With Rockefeller Center occupied, Rockefeller hired Vic Borella ’30 in 1939 to help manage its staff, a job that blossomed into a decades-long career at the multi-block complex. An editor of the Jack-O-Lantern as an undergraduate, Borella had been sharing a $5-a-week room in Queens and working for a taxi company a few years after leaving Hanover as the Great Depression started.

Ultimately Borella was responsible for all the operations at the center, from planting honey locust trees along Fifth Avenue to overseeing the construction of an underground shopping mall and new high-rises along Sixth Avenue, according to reports from the time. Borella’s dealings with construction crews allowed him to foster close ties to labor unions, which eventually earned him special-advisor status in Albany as a labor expert in Rockefeller’s administration.

Pushing Rockefeller to boost the minimum wage and increase unemployment insurance benefits, Borella was able to deliver key union votes for his boss’ campaigns, even though the unions typically backed Democrats. After Rockefeller was appointed vice president he again tapped Borella as a labor advisor, though a 1975 heart attack cut Borella’s Washington, D.C., career short.

Rockefeller’s closeness with Borella surfaced during the contentious 1974 hearings over Rockefeller’s vice presidential nomination. Fueling worries that Rockefeller’s vast wealth presented too many conflicts of interest, reports surfaced that Rocky had given huge gifts of money to former aides, some of whom became public officials. In 1972 Borella, for example, had received $100,000, though Rockefeller defended his largesse. “Mr. Borella is a long-time friend, associate and advisor of nearly 45 years,” Rockefeller wrote in an official letter. The money paid to Borella was “an expression of my great esteem for him” and would help with “medical expenses and other family obligations.”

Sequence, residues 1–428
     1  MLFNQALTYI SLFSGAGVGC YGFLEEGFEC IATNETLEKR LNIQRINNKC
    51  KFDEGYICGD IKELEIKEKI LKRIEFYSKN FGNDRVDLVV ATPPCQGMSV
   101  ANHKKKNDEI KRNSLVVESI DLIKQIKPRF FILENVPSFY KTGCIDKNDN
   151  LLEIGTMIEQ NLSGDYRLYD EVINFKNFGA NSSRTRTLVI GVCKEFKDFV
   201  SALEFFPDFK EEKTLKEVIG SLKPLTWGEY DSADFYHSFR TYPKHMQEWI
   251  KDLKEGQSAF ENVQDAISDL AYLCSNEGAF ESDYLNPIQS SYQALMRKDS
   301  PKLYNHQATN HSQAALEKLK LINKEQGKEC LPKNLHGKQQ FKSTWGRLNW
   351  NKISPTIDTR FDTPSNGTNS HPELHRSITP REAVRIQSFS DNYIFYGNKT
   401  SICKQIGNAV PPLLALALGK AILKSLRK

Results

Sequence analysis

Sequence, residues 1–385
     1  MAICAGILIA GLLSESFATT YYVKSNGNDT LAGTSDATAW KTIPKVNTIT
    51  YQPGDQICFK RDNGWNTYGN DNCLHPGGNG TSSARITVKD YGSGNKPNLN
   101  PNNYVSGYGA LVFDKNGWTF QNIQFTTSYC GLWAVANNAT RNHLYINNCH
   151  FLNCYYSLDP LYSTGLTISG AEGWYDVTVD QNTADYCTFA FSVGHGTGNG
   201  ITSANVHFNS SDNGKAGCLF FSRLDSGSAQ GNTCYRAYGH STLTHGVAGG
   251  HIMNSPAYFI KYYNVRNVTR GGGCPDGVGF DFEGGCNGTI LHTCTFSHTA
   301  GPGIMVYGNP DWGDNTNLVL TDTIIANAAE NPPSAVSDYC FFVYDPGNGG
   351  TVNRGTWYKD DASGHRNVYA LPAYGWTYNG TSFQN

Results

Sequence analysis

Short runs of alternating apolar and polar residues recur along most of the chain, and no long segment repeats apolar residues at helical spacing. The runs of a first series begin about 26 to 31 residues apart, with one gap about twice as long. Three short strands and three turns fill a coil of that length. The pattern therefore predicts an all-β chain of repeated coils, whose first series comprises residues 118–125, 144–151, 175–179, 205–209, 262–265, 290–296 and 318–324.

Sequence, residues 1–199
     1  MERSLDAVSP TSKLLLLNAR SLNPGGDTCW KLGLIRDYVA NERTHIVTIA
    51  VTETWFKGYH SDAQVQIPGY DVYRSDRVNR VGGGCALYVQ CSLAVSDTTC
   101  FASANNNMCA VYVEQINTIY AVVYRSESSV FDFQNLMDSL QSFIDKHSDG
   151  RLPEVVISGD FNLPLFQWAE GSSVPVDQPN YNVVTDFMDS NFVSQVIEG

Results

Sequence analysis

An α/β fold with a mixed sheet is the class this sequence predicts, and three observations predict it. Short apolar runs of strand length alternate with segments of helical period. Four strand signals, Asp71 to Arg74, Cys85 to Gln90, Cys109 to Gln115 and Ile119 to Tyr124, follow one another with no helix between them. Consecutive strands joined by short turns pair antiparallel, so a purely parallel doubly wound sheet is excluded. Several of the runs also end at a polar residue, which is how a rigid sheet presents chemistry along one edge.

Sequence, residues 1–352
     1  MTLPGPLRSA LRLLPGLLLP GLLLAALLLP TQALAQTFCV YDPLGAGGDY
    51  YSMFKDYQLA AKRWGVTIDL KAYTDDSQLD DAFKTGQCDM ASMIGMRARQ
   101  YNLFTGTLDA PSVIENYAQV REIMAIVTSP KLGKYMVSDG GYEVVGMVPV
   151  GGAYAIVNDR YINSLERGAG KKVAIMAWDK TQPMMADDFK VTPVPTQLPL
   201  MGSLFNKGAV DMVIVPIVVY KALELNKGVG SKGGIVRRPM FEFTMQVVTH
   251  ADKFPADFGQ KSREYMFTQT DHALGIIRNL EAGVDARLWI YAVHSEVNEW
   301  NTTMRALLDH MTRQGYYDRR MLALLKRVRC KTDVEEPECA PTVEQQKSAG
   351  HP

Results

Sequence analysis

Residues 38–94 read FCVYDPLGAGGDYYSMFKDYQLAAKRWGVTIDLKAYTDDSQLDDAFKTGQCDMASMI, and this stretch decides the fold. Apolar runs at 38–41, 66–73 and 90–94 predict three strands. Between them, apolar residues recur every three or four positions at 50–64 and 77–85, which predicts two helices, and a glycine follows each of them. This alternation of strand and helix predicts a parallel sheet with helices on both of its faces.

Sylvester “Pat” Weaver Jr. ’30 bonded with Rockefeller at school through his work on The Arts, a magazine founded by Rockefeller and Walter Chrysler ’33 to encourage athletes to read more literature. A magna cum laude graduate and philosophy major, Weaver worked in advertising before landing at NBC, where he created Today and The Tonight Show. In 1954 The New Yorker described him as the television industry’s “most unrelenting thinker and most vocal theorist.”

Early on Weaver convinced Rockefeller that he needed to be savvier about his TV image and became his consultant from 1958 through the early 1970s. In 1963, in a then-unusual move because morning TV was considered unserious, Rockefeller announced his second run for president on Today in a 3-minute, 45-second segment that reached almost 4 million people.

Also coaching Rockefeller about how to handle the media while dealing with the public fallout from his divorce from his first wife, Mary, and subsequent marriage to his second wife, “Happy,” was Jerry Danzig ’34, a former reporter and Today show executive.

In addition to being a younger member of Rockefeller’s Dartmouth crew, Danzig was also an Upper West Side Democrat, which suggests that Rockefeller ultimately believed College ties outweighed many other considerations. “My dad was a liberal, and F.D.R. was a hero in my house growing up,” says Danzig’s son Jerry ’74. “He grew concerned toward the end that Rockefeller was growing too close to Richard Nixon.”

But in 1964, when he became a media advisor to the governor, Danzig had an active role. He told Rockefeller that he used “whereas” too much in speeches, according to documents from the Rockefeller Family Archives in Pocantico Hills, New York. Danzig also taught Rockefeller that charts didn’t make for good television. “[Rockefeller] was very appreciative and understanding about the size or potential of a television or radio audience,” Danzig recalled later in interviews. Nevertheless, “because the staff was print-oriented, his primary focus was, what did the editorial page of The New York Times say?”